Larry Printz, Tribune News Service
December 6, 2018
It’s December, time to nab one of these great convertibles for less than $35,000.
Does it seem like crazy is the new normal? Whatever part of American life one considers, it seems as we’ve all lost our collective minds. So, excuse me if I sound as if I’ve lost mine when I suggest that now is a great time to buy a new convertible. Sounds whacky? Sure. It’s chilly outside. Who wants a convertible now? Yet with temperatures dropping, dealers have a harder time moving droptops off the lot, particularly when they’re covered in snow. Thus, they’re more willing to deal. But which ones to buy?
Let’s start with price. We’re keeping the starting price at $35,742 or less, the average price of a family sedan or crossover SUV in the U.S. in September, according to Kelley Blue Book. Surprisingly, there are nine to choose from, and most designs far more distinctive than most cars or crossovers at the same price. So grab your suntan lotion and sunglasses, it’s time to go for a ride.
Fiat 500C ($17,990): This cheeky Cinquecento is the least expensive droptop in the America, and is roughly half the price of the average new car. That alone makes it worth considering. Better yet, this little mouse is as cuddly to look at as a basket of puppies. Yes, it’s tiny, even though there’s more room than you’d expect. The stylish interior’s clever design hides its inexpensive nature but, like the rest of the car, has tons of style. And there’s enough power to move this Italian with brio. Its 1.4-liter turbocharged, intercooled four-cylinder engine delivers 135 horsepower through the front wheels. A five-speed manual transmission is standard; a six-speed automatic transmission is optional. And its roof can be partially opened like a sunroof.
Mazda MX-5 Miata ($25,295): The MX-5 Miata has become as legendary as the classic British sports cars it emulates. For almost a quarter century, the MX-5 Miata has played the part of an affordable rear-wheel drive two-seat roadster, filling the niche once dominated by affordable British sports cars. Unlike the Brits, the Miata is a paragon of refinement and reliability. Its 2.0-liter DOHC four-cylinder engine produces 181 hp and has a 7,500-rpm redline. Its cozy cabin is the perfect place to drive one the finest-handling vehicles you can buy at any price. It’s a car that you strap on, not get into. It’s small, athletic, fun to drive and economical to own. But its 4.6 cubic-foot trunk is Lilliputian, so pack carefully.
Mini Cooper Convertible ($26,900): The Mini Cooper is maxi when it comes to driving thrills. It handles like a go-cart, with quick, precise steering, little body lean and strong braking. It’s a lot of fun for a front-wheel-drive car, even in the base Cooper, with its 134 horsepower mated to a six-speed manual or six-speed automatic with a manual shifting mode. Its rich retro details ensure that this is more than a car, it’s a fashion statement. Yet its technology is thoroughly modern. It notifies you when it’s about to rain – in case you couldn’t tell – and advises you to raise the top. And like the Fiat 500C, its roof can be partially opened like a sunroof.
Jeep Wrangler ($31,445): Sure, any convertible will get you to the beach. But how many will allow you to drive across it? This wouldn’t be a Jeep if the doors weren’t removable (they are), and the top didn’t fold (ditto). But it’s the Wrangler’s newfound civility that is the big headline. And it’s the only droptop listed that offers true space for five adults, can ford rivers with its doors off, and can easily cut through the worst winter weather, thanks to four-wheel drive. And its new engineering adds a level of refinement unknown in Jeeps of the past. Yes, you can still buy the previous Wrangler and save $3,550, but you won’t enjoy the new one’s newfound civility or its updated technology.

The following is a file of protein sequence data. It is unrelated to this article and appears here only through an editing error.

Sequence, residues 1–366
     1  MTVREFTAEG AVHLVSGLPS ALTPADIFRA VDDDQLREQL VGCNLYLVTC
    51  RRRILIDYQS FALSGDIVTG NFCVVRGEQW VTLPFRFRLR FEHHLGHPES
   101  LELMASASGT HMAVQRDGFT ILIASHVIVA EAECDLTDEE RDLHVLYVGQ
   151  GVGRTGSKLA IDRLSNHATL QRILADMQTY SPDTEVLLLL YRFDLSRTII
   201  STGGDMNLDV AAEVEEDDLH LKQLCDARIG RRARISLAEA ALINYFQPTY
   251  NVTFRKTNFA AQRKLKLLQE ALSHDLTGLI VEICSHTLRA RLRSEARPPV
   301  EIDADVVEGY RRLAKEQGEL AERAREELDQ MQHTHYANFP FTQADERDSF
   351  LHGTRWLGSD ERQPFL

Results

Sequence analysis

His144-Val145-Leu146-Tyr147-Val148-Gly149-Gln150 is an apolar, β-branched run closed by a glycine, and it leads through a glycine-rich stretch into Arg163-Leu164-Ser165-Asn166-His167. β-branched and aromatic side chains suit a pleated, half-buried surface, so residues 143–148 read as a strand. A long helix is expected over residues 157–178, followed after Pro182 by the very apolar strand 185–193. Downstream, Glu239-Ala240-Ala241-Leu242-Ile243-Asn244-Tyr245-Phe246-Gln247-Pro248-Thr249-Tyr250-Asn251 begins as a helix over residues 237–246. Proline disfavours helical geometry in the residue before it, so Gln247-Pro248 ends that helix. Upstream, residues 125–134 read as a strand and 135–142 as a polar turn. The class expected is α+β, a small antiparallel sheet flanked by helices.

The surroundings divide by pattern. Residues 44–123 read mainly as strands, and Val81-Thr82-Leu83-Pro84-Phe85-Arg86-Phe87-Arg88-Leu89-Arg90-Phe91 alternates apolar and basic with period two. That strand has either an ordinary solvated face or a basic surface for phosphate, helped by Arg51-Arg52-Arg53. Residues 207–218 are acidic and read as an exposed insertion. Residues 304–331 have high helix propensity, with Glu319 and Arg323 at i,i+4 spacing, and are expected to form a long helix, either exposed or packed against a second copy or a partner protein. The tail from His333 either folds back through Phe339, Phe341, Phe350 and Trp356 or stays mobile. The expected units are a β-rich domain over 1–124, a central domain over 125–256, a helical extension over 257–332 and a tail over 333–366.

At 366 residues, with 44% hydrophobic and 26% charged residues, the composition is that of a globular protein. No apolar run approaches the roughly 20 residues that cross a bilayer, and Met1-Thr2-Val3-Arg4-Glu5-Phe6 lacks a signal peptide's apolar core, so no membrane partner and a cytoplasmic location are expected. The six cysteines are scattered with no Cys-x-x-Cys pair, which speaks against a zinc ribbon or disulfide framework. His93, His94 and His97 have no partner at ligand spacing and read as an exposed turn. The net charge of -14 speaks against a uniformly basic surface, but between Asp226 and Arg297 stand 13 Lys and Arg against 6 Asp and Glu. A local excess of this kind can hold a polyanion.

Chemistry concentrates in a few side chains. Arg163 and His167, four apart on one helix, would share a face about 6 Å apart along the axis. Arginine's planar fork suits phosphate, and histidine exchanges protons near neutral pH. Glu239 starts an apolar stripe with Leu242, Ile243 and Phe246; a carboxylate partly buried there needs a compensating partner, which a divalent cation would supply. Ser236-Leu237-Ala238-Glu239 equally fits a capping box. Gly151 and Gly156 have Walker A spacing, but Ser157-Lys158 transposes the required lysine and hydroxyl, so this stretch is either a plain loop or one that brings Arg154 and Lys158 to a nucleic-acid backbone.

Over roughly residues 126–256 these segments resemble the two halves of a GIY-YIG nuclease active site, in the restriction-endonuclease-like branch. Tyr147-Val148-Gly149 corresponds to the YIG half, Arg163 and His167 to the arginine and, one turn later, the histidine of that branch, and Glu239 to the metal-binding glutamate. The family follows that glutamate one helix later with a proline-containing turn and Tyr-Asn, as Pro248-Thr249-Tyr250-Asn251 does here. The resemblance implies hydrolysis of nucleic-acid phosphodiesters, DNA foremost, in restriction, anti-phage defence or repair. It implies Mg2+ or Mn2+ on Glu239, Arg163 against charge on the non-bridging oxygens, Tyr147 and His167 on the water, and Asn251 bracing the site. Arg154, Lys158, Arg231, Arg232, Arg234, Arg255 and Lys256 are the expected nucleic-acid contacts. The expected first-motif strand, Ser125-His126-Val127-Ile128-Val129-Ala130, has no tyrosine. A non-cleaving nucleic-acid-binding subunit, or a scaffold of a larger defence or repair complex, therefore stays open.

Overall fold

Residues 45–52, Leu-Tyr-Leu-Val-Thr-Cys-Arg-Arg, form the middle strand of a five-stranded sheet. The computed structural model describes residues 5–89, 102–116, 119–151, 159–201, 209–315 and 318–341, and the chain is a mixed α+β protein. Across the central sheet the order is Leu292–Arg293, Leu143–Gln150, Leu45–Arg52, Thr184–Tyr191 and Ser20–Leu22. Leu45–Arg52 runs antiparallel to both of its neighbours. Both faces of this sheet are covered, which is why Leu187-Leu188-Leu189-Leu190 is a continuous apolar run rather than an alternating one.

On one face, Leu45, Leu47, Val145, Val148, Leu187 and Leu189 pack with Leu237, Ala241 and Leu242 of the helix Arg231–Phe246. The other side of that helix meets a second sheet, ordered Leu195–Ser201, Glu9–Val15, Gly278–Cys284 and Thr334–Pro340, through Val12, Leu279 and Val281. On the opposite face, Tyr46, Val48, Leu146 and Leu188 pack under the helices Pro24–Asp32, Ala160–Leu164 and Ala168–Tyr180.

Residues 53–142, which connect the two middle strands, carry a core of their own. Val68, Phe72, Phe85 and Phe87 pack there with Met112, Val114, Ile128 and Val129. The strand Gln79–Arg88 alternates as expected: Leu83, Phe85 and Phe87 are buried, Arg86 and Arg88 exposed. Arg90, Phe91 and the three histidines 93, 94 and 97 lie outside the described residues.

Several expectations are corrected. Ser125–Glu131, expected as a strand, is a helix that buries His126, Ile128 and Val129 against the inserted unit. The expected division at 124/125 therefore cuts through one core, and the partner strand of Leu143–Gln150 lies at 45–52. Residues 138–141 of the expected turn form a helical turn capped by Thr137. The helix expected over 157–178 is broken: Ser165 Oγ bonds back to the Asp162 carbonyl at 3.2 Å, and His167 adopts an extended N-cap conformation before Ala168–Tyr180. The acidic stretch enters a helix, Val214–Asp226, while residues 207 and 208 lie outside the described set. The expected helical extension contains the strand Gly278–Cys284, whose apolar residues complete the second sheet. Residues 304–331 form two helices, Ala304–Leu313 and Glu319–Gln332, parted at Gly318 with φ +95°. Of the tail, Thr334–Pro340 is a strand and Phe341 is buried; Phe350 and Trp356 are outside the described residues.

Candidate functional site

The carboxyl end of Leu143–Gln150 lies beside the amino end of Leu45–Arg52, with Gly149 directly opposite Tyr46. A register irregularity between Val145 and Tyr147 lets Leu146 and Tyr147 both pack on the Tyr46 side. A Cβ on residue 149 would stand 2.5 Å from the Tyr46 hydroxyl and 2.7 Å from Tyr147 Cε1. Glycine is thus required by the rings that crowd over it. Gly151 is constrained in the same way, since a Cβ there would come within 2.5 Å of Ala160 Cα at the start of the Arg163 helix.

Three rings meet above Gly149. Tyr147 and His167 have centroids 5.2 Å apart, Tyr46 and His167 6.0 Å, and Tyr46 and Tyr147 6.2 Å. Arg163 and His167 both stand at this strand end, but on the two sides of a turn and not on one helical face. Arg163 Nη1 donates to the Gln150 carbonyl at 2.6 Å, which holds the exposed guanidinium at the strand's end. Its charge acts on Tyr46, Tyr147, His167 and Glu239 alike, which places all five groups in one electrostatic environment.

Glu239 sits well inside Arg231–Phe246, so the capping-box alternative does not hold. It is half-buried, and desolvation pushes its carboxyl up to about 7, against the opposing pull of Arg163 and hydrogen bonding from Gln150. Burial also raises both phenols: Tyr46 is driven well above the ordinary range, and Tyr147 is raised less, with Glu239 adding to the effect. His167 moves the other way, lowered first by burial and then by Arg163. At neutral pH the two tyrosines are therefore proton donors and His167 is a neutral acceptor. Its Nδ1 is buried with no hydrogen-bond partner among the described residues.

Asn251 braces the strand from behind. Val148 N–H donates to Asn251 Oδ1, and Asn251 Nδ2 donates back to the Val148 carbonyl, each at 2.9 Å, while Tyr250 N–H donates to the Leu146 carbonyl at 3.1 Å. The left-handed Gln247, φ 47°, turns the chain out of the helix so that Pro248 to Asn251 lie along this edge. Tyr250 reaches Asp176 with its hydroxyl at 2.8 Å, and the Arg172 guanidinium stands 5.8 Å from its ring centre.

Ford Mustang ($31,620): Unlike its competitors, this classic American stallion has stayed in continuous production for more than 50 years. Its classic style is mixed with European lines and buffed to a modern sheen. Go ahead, turn the key and listen to what Detroit muscle sounds like. Next, put the car in gear, stomp on the accelerator and hold on. That’s when quibbles fade. Best of all, its turbocharged 2.3-liter four-cylinder engine develops 310 horsepower to the rear wheels, more than the Mustang’s V8 developed 10 years ago. A six-speed manual is standard; a 10-speed automatic is optional. Best of all, Mustangs eventually become collectibles; you just have to wait. In the meantime, imagine the fun you’ll have.
Other offerings: You do have other choices, but they weren’t included for different reasons. Models that are going out production were removed from the list, given the uncertain parts and service issues in the future. This is one of the reasons why the exceptionally unexceptional Buick Cascada ($33,070) didn’t make the cut. It’s built by Opel, a former GM brand now owned by French automaker PSA. The VW Beetle ($25,440) also didn’t make it for the same reason; VW is ending production sometime next year, so resale will suffer. The Fiat 124 Spider ($24,995), a Mazda Miata with a Fiat engine and different styling, didn’t make the list because of its less attractive styling and handling that’s not as sharp as its donor car. Buyers agree, since Fiat has a 274-day supply on dealer lots. Sixty days is considered optimal. Finally, the Chevrolet Camaro ($32,900) more than matches the Ford Mustang’s agility, but its high waistline and low roof severely restricts the driver’s view from inside the car.